Fruity cake times

Today I have just baked a fruit cake for my dad as its his birthday. Neither of my family like the traditional sponge cake with jam filling and covered in icing, with my mum having her chocolate Victoria sponge cake yesterday and my dad choosing to have a fruit cake today!  So today I thought I’d share my approach to baking a quick and easy fruit cake 😁.

Many fruit cakes recipes you find out there will have nuts as part of it,either ground up or added to the top. Me personally,and my parents too actually prefer cakes without nuts, finding that it causes the cake to dry out quicker. Plus with many people having nut allergies it automatically means not everyone can tuck into it! So my take on the basic fruit cake is to leave nuts out the equation! 


Even though fruit cakes are a step up from your sponge cake, this recipe is still basic enough and quick to make (the Christmas cake doesn’t differ too much but you do need to prepare the ingredients longer in advance due to soaking the fruit in alcohol,this makes the ingredients denser and therefore takes longer to bake). 

For the ingredients of this cake you will need

  • 225g of butter 
  • 225g of caster sugar
  • 4 large eggs (I always go for happy free range ones,not only so I know the chickens are not cooped up in awful factories but you can taste the difference!)
  • 225g self raising flour
  • 450g dried fruit
  • 20cm round tin to put cake mix in

As mentioned in my baking tips post I always pre prepare everything so that it is all to hand straight away and easy to add to your mix without having to stop and measure at each stage as below:


Beforehand I’ll also grease the tin with butter and line with baking paper. For those who haven’t baked before this is to ensure while your cake is baking it doesn’t cook to the tin making it impossible to remove. You will need to put your oven on before the cake, this will ensure it is hot and the cake mix can start to heat up and cook straight away. Putting a mix into a cold oven will lead to a sad looking cake because the mix will already be changing and trying to rise. By the time the cooker has got hot enough the cake will have changed density to an extent it won’t cook properly. All cookers are different, but recommended temperatures are 160 degrees C/fan 140°C/325°F/ or if gas gas mark 3.

  1. Stage one, is to mix your butter and sugar until your mix is nice and fluffy. You can use a mixer if you have one, I prefer the old fashioned using my hands with a wooden spoon and bowl!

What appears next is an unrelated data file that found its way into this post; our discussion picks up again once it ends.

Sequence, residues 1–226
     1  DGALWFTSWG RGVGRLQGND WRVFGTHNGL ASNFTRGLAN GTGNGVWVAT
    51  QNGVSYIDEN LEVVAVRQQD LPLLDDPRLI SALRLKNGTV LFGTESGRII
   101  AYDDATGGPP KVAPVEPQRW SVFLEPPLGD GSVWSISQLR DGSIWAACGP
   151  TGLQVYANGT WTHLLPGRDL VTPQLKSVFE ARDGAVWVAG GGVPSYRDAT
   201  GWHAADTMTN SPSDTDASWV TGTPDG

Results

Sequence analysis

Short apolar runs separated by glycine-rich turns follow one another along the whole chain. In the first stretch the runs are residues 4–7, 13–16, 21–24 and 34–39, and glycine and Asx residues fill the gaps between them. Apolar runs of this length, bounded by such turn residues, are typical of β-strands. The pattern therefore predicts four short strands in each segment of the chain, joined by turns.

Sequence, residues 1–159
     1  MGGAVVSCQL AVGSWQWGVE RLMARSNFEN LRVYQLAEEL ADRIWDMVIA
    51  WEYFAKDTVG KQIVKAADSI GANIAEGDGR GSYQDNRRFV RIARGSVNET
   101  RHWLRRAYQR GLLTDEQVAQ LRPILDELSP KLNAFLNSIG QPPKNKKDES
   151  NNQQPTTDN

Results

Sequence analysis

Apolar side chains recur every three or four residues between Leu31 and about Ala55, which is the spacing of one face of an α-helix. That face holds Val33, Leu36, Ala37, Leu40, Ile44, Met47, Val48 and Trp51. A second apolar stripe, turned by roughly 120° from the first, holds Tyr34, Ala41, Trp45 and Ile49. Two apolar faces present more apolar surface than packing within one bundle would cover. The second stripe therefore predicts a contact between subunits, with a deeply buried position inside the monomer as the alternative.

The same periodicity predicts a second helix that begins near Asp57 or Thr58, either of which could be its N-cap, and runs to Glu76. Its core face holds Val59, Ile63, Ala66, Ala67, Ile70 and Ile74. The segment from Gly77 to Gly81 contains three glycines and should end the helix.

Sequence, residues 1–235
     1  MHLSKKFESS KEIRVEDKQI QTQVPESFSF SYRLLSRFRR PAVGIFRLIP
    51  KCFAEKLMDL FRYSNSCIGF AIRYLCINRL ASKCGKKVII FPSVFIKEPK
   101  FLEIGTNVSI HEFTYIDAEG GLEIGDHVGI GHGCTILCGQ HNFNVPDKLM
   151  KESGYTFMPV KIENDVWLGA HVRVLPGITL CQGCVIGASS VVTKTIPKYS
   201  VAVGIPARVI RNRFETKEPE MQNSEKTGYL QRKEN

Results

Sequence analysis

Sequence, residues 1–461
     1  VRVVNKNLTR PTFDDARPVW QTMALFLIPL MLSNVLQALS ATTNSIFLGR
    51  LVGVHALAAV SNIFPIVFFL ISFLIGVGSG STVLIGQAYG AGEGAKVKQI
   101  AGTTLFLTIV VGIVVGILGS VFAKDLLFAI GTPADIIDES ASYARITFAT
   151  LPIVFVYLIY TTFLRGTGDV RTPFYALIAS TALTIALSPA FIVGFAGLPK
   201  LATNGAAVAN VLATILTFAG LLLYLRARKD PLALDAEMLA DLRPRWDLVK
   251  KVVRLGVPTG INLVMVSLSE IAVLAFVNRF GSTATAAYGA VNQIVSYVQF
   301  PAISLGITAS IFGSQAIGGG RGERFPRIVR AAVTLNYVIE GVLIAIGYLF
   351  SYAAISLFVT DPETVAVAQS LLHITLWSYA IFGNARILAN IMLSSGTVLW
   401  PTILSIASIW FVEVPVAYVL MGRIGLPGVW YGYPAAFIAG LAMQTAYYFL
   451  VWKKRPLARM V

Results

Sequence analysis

2. Stage two is to add the eggs one at a time to your mix. You will need to fold the mix over the eggs before mixing well. If you try and mix all the eggs in at the same time you risk the mix curdling and ruining the taste. Ensure that after each time you put an egg in you have mixed it up well enough you cannot see any raw yolk still. You may find it looks like it is going to curdle still,my trick is to add a bit of extra sugar (when I say but I mean a bit! Maybe a quarter of a teaspoon).
  3. Now you will need to add your flour and fold it in gently into the mix. Again don’t be tempted to pour all the flour in at once. And before doing anything make sure you’ve sifted the flour. This will ensure there are no lumpy bits of flour which if not blended well will leave a flour clump at the end of the bake,not a tasty find! I tend to add a bit at a time into the liquid mix, folding then stiring until I’m sure all the flour has been absorbed into the mix fully. At the end you will be left with a thickened but still fluffy mix.
  4. The final part of this cake mix is to add in the fruit. Now it’s important to ensure you really stir the fruit around the mix so it is evenly spread. The fruit is obviously denser than the mix, if you don’t stir and spread the fruit it will all sink to the bottom of the tin and will create an uneven bake and fruit bottom cake!
  5. Now all you need to do is spread your mix into the tin and place in the oven. Make sure you spread the mix evenly as possible to ensure an even bake. If one side is denser than the other, you’ll find one part of the cake baking quicker than the other. This can lead to either burning or one part of the cake coming out raw.

Depending on your oven the mix can take from 1.5 to 2 hours to bake. Try not to be tempted to keep opening the oven door to check as the sudden drop in temperature can lead to the cake not rising properly. At the end you should be left with a lovely cake like below! 


Happy baking and happy eating if you decide to give it a go! As to me,I’m going to have a large slice then go for a run to burn it off 😜 If you think you have a nicer fruit cake with different ingredients then please do let me know!

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